Criminal Justice and Immigration Bill

Part of the debate – in the House of Lords at 3:45 pm on 3rd March 2008.

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Photo of Lord Elystan-Morgan Lord Elystan-Morgan Crossbench 3:45 pm, 3rd March 2008

That may very well be so, but the noble Lord would accept that it does not really matter whether it is thousands of pounds or millions of pounds—the cost, the price and the value of justice are entirely different.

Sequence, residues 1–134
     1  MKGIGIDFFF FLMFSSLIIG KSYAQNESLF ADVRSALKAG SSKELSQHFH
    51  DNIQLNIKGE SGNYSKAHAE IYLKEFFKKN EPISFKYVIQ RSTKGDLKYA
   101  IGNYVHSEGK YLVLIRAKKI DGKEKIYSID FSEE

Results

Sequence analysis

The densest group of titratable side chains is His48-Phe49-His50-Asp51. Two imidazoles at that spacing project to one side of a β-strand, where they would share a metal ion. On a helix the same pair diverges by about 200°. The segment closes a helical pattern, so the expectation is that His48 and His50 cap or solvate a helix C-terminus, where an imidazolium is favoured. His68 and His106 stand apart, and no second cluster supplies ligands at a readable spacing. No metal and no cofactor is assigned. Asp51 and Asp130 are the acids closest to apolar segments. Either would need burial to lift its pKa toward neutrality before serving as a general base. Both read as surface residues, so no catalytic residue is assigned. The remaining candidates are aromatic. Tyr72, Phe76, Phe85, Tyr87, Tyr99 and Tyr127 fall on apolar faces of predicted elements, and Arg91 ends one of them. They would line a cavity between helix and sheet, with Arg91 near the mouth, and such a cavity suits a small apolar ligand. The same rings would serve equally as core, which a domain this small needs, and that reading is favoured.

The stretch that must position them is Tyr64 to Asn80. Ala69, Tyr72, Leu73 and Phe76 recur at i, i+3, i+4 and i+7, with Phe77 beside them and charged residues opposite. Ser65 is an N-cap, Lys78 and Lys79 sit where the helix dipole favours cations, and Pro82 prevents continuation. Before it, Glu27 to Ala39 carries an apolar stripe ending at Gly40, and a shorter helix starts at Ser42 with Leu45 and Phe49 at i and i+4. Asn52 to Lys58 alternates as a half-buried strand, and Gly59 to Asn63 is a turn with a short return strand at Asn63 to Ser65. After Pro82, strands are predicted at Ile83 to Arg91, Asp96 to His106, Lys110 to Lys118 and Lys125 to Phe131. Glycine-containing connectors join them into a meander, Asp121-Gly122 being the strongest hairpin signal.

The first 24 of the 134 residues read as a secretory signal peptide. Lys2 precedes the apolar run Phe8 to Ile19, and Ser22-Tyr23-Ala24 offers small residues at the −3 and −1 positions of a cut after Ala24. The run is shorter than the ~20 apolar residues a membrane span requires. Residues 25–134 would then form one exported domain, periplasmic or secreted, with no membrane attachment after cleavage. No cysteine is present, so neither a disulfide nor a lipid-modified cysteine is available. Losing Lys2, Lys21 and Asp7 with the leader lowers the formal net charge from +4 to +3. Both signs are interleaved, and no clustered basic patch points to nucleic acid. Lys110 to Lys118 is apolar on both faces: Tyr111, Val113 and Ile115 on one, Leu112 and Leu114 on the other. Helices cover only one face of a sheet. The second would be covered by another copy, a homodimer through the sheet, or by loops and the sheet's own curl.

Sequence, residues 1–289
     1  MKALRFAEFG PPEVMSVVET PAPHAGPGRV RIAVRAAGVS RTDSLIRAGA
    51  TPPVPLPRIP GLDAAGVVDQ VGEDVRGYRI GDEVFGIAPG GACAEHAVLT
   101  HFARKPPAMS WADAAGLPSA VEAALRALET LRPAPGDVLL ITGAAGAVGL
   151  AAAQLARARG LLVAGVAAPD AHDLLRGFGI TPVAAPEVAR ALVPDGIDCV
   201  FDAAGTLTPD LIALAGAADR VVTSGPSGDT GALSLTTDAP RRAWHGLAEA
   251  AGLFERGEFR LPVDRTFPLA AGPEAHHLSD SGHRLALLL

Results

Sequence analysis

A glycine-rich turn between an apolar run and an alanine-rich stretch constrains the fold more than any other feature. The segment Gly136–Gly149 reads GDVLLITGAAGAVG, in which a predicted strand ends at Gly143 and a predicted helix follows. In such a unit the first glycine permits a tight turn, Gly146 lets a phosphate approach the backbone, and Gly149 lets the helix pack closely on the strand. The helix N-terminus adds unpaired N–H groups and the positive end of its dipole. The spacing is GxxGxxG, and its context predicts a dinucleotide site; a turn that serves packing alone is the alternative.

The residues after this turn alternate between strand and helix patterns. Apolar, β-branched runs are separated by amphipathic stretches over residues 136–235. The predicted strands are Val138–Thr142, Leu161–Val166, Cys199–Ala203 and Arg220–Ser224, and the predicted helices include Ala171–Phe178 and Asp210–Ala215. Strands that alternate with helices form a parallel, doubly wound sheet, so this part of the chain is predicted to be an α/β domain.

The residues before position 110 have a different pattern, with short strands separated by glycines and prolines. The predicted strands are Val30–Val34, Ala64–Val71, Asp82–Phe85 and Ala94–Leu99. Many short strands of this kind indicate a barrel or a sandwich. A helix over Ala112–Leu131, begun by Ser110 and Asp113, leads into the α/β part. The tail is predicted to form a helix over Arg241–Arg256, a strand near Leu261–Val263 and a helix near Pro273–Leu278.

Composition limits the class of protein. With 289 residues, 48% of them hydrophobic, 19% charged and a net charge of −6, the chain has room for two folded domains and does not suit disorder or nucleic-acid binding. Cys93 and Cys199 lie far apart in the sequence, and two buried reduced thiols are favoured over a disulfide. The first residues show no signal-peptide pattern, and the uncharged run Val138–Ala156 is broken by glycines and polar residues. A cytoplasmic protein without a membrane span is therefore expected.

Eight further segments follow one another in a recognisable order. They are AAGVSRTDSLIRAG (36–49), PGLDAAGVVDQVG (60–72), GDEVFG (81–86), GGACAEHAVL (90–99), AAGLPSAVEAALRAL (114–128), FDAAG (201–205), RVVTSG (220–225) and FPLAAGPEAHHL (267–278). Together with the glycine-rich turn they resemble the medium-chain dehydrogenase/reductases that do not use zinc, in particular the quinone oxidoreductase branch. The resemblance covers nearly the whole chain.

The principle of compensation in our law has always been on the basis of restitutio in integrum—restitution in full. A person should be compensated in full by the perpetrator of the unlawful act. In this case, the Government are not responsible for an unlawful act but for an act that is flawed in law, which is not a casuistic distinction. Authority with all its powers, sovereignty and resources has made a mistake. Therefore the moral obligation is exactly the same as where a deliberate tort is committed. If a person was badly injured, was owed a couple of million pounds of compensation and was able to sue the perpetrator of that act—assume that he was worth powder and shot—there would be no cap on that. Why should there be in this situation? The argument put forward by the Minister about documentation and the two-year period cannot stand for a moment. If any situation on this earth is well documented—and those documents will be there for examination in tens and probably hundreds of years—this is such a situation. There will be a full transcript of what happened at the court hearing; there will be a full transcript of exactly what happened at the Court of Appeal hearing. All the necessary documents will be there. Therefore, I cannot imagine why there should be an argument to reduce the period to two years. It is purely a cheese-paring economy that is not worthy of the Government. I have great sympathy with the Minister who has had to seek to justify this situation, but I still congratulate him on having, to some extent, ameliorated what would otherwise have been an extremely unworthy situation.